Prisoner Abuse and National Security
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The Inspector General's report describes CIA interrogators menacing suspects with guns and power drills and threatening to rape their wives and kill their children. Did Bush White House officials authorize torture? What's next for the CIA, the FBI and efforts to protect America's national security? Also, President Obama nominates Federal Reserve Chairman Ben Bernanke to a second term, and we hear from Scotland about the political consequences of releasing the Lockerbie bomber.
Banner image: US Attorney General Eric Holder speaking in Washignton, DC, August 24. Photo: Jim Watson/AFP/Getty Images
Obama Interrupts Vacation to Ask Bernanke to Stay on at Fed ()
Just as Wall Street opened for business today, President Obama announced his decision to nominate Ben Bernanke to a second term as Chair of the Federal Reserve. Interrupting his vacation on Martha’s Vineyard, the President credited Bernanke’s “bold action and out-of-the-box thinking has helped put the brakes on our economic freefall.” Edmund Andrews reports for the New York Times.
- Edmund Andrews: Chief Washington Economics Correspondent, New York Times
Prisoner Abuse and National Security ()
A lawsuit by the American Civil Liberties Union forced the Obama Administration to release a CIA Inspector General’s report kept secret since 2004. Now we know that CIA interrogators used a gun and a power drill, faked an execution, choked one prisoner and threatened to kill another one’s children. Former Vice President Dick Cheney says they deserve America’s gratitude. Attorney General Eric Holder wants them investigated for possible crimes. President Obama established a new, Interagency Interrogation Group led by the FBI. Should policy-makers in the Bush White House be held accountable, too? Can the CIA still do its job? What’s the new role of the FBI? What does it take to protect America’s safety and obey the law?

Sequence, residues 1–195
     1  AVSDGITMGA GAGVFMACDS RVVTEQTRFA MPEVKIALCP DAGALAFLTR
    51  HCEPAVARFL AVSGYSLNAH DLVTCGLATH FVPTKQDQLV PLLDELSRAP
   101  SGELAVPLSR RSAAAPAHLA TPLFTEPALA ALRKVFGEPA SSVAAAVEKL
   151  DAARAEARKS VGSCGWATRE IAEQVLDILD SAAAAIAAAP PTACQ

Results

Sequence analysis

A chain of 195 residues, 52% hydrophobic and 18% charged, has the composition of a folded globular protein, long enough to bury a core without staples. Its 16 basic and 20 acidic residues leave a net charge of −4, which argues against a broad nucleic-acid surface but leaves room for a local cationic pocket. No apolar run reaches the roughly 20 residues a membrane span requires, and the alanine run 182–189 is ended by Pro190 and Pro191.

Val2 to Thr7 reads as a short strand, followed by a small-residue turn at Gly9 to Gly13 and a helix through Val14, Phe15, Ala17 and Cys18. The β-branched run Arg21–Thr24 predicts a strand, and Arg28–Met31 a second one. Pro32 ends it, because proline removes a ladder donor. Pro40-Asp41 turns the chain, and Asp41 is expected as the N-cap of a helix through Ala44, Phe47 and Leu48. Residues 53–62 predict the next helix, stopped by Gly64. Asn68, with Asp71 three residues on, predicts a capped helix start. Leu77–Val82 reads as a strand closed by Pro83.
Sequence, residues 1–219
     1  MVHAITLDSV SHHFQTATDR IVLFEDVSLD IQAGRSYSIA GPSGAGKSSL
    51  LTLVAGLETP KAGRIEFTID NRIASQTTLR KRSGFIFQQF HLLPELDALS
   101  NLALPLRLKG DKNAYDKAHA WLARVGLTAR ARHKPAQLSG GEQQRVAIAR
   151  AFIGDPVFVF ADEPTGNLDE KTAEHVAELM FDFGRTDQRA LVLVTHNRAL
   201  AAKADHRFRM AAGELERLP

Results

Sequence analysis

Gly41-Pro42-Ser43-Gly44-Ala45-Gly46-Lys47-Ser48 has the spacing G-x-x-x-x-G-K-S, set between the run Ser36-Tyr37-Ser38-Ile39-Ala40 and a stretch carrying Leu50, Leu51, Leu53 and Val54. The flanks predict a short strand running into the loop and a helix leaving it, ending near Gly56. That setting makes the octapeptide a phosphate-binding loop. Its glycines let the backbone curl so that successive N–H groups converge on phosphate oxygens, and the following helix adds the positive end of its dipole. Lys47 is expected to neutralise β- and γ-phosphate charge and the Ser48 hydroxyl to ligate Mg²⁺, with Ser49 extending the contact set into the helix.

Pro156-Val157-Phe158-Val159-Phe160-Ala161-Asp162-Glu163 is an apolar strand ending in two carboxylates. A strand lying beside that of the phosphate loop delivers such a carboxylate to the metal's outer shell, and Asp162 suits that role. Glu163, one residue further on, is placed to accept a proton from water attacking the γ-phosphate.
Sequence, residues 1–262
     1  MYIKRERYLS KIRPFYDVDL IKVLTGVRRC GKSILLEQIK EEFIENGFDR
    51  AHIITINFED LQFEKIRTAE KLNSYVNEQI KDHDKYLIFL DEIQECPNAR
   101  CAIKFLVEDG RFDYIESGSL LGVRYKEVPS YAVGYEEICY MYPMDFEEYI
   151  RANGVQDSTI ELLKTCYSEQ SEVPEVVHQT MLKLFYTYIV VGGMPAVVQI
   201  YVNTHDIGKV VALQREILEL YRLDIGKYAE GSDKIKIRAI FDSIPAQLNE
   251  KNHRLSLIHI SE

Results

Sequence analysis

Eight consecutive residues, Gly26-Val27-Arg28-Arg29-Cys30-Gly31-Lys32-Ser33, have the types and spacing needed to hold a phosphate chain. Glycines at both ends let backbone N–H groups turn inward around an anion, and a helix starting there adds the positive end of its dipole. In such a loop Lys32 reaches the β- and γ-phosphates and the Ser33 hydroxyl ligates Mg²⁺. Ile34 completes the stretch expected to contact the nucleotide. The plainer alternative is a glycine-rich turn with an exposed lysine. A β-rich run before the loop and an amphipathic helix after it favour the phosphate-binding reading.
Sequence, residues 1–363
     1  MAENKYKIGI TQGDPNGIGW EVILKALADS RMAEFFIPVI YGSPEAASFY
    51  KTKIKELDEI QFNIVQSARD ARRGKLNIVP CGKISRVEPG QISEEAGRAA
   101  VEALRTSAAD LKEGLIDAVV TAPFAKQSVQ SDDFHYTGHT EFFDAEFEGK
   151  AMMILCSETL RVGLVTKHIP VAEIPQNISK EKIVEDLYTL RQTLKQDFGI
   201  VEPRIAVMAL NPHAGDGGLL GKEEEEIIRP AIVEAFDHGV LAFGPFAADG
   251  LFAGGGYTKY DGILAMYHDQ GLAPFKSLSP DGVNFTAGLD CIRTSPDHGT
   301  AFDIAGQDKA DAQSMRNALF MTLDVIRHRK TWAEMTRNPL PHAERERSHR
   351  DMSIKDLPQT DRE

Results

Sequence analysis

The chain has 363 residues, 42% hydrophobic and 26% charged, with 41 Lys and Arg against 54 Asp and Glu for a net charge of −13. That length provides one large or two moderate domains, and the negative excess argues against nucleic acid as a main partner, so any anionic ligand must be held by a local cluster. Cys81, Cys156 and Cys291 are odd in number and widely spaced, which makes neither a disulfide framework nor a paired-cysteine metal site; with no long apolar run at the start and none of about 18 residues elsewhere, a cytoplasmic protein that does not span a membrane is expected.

- R. Jeffrey Smith: National Investigative Correspondent, Washington Post
- Jane Mayer: Investigative Reporter, The New Yorker
- Tim Weiner: author, 'Legacy of Ashes: A History of the CIA'
- Amy Zegart: Associate Professor of Public Policy, UCLA
England and Scotland Upset over Lockerbie Bomber's Release ()
Release of the Lockerbie bomber on grounds of “compassion” led to angry criticism of Scotland's Justice Secretary Kenny MacAskill. The jubilant reception for cancer-victim Abdelbaset Al-Megrahi on his return to Libya made matters worse. Yesterday, before the Scottish Parliament, MacAskill expressed regret for the manner in which Al-Megrahi was received and apparent disregard of the Libyan government's assurance that his return would low-key.” Magnus Linklater, Scottish Editor for the Times of London, considers what it could mean for MacAskill and Scotland's reputation.
- Magnus Linklater: Scottish Editor, Times of London
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